The program exports Outlook data to industry-standard mbox, vCard, and iCal formats that can be imported into Apple's Mail, Contacts, and Calendar programs, as well as compatible programs such as Entourage.


This alternative is free, mostly automated (no renaming of folders) but it requires a separate application, i.e. Thunderbird.
  1. Install Thunderbird. On first launch, tell it to import from Outlook (not Outlook Express).
  2. It will import account settings, contacts and email.
  3. Copy your Thunderbird profile (XP: C:\Documents and Settings\\Application Data\Thunderbird\Profiles\.default, Vista/7:C:\Users\\AppData\Roaming\Thunderbird\Profiles\.default) to your Mac. Several methods can be used to perform the copy operation:
    1. If both computers are on the same network, file sharing can be used.
    2. If the computers are NOT on the same network, the fastest approach is to zip-compress the profile folder in Windows, put it on an external storage device, bring the device to your Mac, connect it, and decompress the zip file.
  4. Start the Mail application and go to File > Import.
  5. Select Thunderbird and point it to the profile folder you copied to your Mac. The imported mail will be under "On My Mac".
  6. To be safe, you can go to "Mailbox > Rebuild" inside Mail to make sure there's no corruption resulting from the import.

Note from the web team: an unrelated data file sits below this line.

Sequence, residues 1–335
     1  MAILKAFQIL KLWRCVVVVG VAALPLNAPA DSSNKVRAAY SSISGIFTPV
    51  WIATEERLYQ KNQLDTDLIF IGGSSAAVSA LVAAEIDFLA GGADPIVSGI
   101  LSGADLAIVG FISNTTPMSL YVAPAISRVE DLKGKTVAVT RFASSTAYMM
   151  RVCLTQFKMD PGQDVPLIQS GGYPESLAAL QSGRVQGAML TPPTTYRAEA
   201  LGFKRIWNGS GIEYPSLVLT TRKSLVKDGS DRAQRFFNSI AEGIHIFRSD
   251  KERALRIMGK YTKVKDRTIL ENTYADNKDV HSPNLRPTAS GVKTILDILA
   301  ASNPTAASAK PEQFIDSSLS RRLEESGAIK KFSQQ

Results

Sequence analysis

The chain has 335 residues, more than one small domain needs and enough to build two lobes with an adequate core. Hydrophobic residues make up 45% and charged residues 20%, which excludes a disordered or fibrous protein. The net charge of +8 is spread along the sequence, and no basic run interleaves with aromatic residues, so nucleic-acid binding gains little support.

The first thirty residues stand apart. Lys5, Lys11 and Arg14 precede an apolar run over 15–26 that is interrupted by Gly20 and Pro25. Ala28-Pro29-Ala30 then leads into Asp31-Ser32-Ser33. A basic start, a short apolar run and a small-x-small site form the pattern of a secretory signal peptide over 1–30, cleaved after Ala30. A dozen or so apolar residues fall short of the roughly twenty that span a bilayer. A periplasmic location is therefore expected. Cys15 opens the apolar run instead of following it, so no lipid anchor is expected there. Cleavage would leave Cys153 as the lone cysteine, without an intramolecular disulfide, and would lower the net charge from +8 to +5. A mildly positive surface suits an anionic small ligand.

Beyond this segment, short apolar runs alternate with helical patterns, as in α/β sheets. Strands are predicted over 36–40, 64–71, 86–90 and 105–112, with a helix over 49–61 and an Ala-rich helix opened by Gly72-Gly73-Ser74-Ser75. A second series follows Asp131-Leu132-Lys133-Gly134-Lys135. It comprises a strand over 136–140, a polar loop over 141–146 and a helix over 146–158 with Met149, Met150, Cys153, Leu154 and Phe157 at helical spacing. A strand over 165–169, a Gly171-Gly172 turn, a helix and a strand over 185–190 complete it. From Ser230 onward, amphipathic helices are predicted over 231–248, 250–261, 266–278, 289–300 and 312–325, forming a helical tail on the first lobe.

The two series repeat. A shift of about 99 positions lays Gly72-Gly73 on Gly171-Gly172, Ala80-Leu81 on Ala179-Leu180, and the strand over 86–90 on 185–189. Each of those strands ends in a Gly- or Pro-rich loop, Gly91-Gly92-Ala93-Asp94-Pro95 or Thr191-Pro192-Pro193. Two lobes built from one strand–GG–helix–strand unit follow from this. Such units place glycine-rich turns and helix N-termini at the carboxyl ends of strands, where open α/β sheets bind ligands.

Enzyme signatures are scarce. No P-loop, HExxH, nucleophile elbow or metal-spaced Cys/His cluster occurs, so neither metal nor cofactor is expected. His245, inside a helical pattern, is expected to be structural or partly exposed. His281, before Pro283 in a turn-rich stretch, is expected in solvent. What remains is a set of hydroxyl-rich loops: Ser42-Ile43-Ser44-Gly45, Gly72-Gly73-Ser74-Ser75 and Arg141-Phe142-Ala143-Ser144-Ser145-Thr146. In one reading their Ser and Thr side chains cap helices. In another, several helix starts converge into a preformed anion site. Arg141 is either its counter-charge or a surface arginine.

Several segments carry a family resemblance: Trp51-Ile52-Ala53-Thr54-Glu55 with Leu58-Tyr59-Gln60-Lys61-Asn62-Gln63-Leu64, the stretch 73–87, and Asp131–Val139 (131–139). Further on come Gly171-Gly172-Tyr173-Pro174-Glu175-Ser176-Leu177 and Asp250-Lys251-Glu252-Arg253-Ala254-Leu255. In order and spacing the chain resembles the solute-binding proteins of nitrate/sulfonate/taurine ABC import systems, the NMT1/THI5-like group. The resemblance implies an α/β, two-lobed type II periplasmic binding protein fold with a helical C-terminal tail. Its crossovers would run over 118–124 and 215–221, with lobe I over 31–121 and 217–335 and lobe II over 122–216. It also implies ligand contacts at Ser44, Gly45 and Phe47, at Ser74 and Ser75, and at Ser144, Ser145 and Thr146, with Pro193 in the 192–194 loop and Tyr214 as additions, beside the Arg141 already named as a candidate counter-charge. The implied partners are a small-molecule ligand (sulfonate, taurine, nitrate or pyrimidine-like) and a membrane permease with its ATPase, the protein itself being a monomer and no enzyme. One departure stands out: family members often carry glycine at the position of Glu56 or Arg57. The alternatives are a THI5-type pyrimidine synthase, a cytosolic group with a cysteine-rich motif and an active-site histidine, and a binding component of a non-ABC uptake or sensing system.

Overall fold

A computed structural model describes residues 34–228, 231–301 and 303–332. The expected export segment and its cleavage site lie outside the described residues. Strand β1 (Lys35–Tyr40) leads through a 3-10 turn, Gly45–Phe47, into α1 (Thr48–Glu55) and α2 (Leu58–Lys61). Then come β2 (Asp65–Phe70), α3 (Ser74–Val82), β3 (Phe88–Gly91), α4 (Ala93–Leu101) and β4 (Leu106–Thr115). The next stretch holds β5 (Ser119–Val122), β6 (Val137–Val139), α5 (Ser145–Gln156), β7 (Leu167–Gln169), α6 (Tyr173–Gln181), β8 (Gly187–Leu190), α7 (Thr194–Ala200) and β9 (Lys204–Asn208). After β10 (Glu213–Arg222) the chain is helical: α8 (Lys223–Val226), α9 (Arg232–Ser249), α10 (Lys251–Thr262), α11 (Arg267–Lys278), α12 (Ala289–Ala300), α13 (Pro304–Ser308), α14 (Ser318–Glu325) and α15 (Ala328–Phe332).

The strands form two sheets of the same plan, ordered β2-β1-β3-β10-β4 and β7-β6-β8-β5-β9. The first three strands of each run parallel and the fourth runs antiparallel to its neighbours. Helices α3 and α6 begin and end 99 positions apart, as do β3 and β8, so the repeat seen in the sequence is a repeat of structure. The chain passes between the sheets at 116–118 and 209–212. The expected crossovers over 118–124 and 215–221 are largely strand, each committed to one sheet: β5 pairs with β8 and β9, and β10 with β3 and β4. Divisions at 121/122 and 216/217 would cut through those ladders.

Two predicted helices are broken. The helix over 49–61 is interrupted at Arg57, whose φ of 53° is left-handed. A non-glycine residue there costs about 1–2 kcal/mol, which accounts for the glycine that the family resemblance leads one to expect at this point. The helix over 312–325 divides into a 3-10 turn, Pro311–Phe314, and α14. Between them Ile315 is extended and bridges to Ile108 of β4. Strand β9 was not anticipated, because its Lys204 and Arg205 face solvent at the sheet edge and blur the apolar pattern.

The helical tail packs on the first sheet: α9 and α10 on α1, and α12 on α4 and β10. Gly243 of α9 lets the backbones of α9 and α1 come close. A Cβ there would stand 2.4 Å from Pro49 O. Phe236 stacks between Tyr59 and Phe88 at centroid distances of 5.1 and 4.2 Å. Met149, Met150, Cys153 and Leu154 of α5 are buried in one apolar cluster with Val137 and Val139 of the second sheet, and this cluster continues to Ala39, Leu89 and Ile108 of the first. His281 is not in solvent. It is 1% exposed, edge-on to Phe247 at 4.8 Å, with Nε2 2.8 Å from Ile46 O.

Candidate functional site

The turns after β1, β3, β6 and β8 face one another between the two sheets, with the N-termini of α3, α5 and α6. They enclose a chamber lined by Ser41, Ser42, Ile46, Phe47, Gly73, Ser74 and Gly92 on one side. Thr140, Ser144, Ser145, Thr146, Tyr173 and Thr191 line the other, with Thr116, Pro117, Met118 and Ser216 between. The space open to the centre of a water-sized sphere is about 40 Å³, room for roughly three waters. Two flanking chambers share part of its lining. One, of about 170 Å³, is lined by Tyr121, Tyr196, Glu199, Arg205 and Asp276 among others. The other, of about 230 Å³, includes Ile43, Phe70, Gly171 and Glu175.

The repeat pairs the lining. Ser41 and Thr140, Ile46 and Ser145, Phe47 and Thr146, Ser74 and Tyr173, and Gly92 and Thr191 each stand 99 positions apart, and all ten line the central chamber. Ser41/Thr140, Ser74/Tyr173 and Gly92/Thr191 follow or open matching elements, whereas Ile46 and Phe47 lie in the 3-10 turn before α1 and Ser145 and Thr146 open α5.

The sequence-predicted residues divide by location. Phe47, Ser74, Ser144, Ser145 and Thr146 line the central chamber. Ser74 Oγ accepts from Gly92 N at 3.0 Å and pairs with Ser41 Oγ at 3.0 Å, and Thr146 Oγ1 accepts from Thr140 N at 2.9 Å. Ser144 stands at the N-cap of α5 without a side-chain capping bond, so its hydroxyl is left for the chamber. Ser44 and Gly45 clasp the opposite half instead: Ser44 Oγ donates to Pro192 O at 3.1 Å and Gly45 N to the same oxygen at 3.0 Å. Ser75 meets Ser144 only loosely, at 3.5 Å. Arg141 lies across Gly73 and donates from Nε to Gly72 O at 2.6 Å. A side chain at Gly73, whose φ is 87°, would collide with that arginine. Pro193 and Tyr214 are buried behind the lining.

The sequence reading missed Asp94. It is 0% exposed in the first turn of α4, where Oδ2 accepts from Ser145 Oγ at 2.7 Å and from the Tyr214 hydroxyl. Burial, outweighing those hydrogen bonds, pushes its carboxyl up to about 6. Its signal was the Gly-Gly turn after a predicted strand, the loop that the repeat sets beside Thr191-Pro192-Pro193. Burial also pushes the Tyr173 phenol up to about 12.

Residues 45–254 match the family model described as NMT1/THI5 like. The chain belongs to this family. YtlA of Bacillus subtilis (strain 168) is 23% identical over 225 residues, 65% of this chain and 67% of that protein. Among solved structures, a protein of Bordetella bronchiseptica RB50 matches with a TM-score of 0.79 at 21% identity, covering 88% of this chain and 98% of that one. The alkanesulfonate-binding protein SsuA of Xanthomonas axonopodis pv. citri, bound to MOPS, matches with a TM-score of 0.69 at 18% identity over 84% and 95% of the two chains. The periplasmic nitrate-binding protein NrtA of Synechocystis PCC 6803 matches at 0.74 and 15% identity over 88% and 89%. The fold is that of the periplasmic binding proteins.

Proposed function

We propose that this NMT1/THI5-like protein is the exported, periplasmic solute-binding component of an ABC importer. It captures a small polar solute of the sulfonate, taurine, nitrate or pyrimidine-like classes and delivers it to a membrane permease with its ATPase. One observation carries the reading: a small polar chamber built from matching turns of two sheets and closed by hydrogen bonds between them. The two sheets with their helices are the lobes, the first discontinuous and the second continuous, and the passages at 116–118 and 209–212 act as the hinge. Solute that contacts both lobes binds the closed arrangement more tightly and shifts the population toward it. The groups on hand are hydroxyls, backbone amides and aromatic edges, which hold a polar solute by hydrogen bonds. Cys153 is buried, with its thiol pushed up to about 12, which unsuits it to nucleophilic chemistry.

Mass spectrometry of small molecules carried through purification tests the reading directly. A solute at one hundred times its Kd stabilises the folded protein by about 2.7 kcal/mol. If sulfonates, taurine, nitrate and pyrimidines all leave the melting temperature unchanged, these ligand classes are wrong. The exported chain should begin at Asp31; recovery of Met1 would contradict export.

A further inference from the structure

Outlook Express

This option can be done without the need for installing additional software on your PC but it will require Entourage (or Outlook) on your Mac which you may not have.
  1. Open Outlook Express on your PC.
  2. Highlight all mail in a folder e.g. "important mail", and drag them into a any folder on your hard drive (ideally - outlook mail/important). Having Outlook run in window mode (not fullscreen) and dragging the mail to a folder on your desktop seems to be the easiest way, because you don't have to switch windows.
  3. Make as many folders and fill them this way as you have/need, then copy them to your Mac.
  4. Start Entourage (or Outlook) on your Mac (if you have either of them).
  5. Drag them into a folder the same way as you exported them on your pc.
  6. Now you should have the mail in Entourage.
  7. Mail can now import mailboxes from Entourage.
Once you've imported all your email into the Mail application, you can delete all the other email from your desktop/Outlook/Entourage to save space.